I think it’s pretty obvious where I stand on this. Girls should be encouraged to read about strong women. One of the reasons I loved Fire so much is because it showed a realistic woman. Fire is brave but she also can be scared. She’s strong but she also has her moments of weakness. Nobody is perfect. I don’t want to read about ideal woman: I want to read about real woman. And real woman don’t have to be whiney or weak.

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    1. EXCELLENT response! I haven’t gotten too into Fire so I didn’t point out anything about her as an example, although I’m totally loving her! I agree that not all women are whiney, mean, weak, etc. I think these were just the first adjectives that came to mind. I think I’m more referring to – and why I didn’t put this in there I don’t know – the girls who cry and are unsure what to do and can’t handle things, the ones who may hide from problems without facing them head on. I personally don’t like reading about these kinds of women/girls because I want to yell “snap out of it!” Again, great response; I always like seeing your opinions, even if they differ from mine 🙂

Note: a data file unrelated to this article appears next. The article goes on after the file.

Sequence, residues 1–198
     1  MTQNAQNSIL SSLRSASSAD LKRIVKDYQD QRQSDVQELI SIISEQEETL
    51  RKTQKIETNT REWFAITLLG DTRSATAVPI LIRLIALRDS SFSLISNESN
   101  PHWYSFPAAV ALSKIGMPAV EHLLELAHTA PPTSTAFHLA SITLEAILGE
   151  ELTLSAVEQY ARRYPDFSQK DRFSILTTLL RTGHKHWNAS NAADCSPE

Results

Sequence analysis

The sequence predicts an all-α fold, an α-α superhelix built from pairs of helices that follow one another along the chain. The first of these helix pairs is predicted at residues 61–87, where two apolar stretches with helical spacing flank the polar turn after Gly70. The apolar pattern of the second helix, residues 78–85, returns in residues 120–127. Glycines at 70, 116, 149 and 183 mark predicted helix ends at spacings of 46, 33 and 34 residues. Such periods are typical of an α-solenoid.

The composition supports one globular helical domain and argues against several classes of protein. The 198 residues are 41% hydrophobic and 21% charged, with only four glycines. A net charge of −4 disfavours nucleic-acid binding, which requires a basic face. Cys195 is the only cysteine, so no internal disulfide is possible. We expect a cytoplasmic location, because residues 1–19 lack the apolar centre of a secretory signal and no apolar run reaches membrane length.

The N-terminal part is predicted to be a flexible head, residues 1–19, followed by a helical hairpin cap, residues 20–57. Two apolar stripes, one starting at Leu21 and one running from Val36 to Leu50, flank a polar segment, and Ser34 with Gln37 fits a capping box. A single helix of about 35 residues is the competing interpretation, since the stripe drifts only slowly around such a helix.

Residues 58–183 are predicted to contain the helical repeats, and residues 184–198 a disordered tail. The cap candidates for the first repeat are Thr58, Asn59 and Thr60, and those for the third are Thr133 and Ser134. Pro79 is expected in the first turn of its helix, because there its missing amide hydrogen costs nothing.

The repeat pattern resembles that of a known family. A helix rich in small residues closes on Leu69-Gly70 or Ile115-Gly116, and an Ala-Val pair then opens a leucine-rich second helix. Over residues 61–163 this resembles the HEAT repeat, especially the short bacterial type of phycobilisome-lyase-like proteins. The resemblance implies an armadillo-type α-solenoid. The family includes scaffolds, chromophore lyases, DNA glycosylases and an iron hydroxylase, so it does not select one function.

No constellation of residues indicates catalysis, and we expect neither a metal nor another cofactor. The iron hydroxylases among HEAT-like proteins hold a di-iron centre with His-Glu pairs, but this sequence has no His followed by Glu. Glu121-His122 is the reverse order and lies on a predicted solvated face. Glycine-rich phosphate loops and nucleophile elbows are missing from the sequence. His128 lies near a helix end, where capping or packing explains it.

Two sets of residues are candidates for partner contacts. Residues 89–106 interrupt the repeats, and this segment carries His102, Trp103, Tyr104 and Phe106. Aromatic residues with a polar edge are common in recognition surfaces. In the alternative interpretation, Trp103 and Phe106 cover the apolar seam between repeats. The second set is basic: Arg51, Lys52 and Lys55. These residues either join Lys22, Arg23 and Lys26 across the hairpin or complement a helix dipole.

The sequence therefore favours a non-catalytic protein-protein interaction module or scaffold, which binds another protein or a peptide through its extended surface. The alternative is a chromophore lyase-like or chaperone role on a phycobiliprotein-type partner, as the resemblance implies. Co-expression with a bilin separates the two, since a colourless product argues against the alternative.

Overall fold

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  2. I love kickass female heroes. I love that they say femininity is something more than finding a boy or buying shoes or something. I love that they are the sorts of character boys and girls can relate to and aspire to emulate.